Head of North Korea’s secret police sacked for corruption and ‘human rights abuses’, Seoul says
Since taking power in late 2011, Kim Jong-un has executed or purged a slew of high-level government officials in what the South Korean government has described as a ‘reign of terror’
North Korea has dismissed its minister of state security, a key aide to the reclusive state’s young leader, Kim Jong-un, South Korea said on Friday, in what a high-profile defector said would be another sign of a “crack in the elite” in Pyongyang if true.
Kim Won-hong was removed from office as head of the feared “bowibu”, or secret police, in mid-January apparently on charges of corruption, abuse of power and human rights abuses, Jeong Joon-hee, South Korea’s Unification Ministry spokesman, said, confirming media reports.
Jeong did not say how the South knew of Kim’s ouster. But he said there could have been further dismissals in the North where the ruling Workers’ Party’s powerful Organisation and Guidance Department was investigating the ministry of state security.
“There is always a possibility that purges continue as part of constantly strengthening power,” he told a briefing, adding punishment for Kim could be more severe depending on the outcome of the investigation, but he had been dismissed and demoted from the rank of general to major general.
Kim Jong-un became leader in 2011 after the death of his father, Kim Jong-il, and his consolidation of power has included purges and executions of top officials, South Korean officials have said.
Thae Yong-ho, North Korea’s former deputy ambassador to London who has defected to the South, said he was not surprised by the news.
“I cannot confirm if the reports are true or not, but this kind of power struggle is quite normal in North Korean history. Kim Jong-il and Kim Jong-un’s style of control is always one of collective surveillance that checks the power of each organisation.
“Kim Jong-un has killed too many high officials and there are a lot of complaints and dissent amongst the high elite because of it. If the demotion of Kim Won Hong is really true, then that’s another sign of a crack in the North Korean elite group.”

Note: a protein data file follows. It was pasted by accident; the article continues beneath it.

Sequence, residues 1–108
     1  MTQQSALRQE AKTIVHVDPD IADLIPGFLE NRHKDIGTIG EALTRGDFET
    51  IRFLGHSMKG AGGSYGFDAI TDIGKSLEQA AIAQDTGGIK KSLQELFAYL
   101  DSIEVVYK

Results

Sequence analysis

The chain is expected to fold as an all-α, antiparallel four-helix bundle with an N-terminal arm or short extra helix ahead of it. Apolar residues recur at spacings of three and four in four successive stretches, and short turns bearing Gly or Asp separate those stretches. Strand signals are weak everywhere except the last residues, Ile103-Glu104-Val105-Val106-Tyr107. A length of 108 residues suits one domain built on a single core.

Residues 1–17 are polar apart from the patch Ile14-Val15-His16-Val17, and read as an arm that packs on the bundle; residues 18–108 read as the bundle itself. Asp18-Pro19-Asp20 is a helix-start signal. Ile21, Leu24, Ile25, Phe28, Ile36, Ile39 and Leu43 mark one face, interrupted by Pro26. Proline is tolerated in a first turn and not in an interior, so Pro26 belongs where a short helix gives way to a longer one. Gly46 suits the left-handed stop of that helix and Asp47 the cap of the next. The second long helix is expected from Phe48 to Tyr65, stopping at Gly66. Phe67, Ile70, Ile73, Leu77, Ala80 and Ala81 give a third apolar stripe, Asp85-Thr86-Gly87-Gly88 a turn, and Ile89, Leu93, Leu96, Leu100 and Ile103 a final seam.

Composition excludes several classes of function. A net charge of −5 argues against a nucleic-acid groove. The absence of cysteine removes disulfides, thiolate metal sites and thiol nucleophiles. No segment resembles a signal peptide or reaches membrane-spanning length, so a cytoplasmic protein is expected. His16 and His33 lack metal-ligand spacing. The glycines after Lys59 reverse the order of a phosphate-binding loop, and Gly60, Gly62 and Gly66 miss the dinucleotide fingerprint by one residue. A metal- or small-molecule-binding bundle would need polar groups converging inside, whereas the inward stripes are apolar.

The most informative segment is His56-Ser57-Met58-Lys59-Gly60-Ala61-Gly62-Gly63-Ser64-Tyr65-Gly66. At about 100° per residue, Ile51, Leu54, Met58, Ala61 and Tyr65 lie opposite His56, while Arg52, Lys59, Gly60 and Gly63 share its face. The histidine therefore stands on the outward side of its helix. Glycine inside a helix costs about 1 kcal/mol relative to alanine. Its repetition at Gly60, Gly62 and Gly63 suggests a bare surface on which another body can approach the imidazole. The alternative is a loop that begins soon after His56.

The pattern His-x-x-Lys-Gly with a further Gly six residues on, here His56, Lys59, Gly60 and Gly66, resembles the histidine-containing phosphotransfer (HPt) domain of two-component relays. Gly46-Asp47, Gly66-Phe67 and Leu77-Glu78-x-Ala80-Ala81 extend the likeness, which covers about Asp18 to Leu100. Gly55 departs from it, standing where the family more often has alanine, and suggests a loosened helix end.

Kim Won-hong had survived repeated purges since Kim Jong-un took power in 2011 which have seen four of the North’s five highest-ranking military officers purged.
The spy agency chief, in post since 2012, played a key role in arresting and executing Kim Jong-un’s uncle Jang Song-thaek, once known as the number two power holder, in 2013 on charges of treason.
The North’s leader has reportedly killed more than 100 military, party and government officials, including Jang and Hyon Yong-chol, a former defence chief who was put to death in 2015.
The South’s spy agency said he was killed with an anti-aircraft gun.
Last year, North Korea’s vice premier for education was executed for not keeping his posture upright at a public event, South Korea said.
The security ministry maintains surveillance over the general public, prosecutes dissenters and operates camps for political prisoners.
South Korea has a spotty record of tracking developments in North Korea as information about the secretive, authoritarian state is often impossible to confirm.
There has been no confirmation of the dismissal in North Korea’s official media.
Choe Ryong-hae, a close aide to Kim Jong-un, was believed to have been briefly banished to a rural collective farm for re-education in 2015, but he regained his political footing during a rare congress of the North’s ruling Workers’ Party last year.
In a New Year’s speech, leader Kim Jong-un went out of his way to apologise over his failure to better serve the people.
“He is likely to conduct numerous purges and overhauls, shifting responsibility for poor past performances to bureaucrats this year,” the South’s Institute for National Security Strategy said in a report.
NK News, a specialist North Korea reporting service, said state media only reported three official appearances by Kim Won-hong last year, the last of them in June, down from 32 in 2013, indicating that he had “appeared to fall out of favour”.
Reuters, Agence France-Presse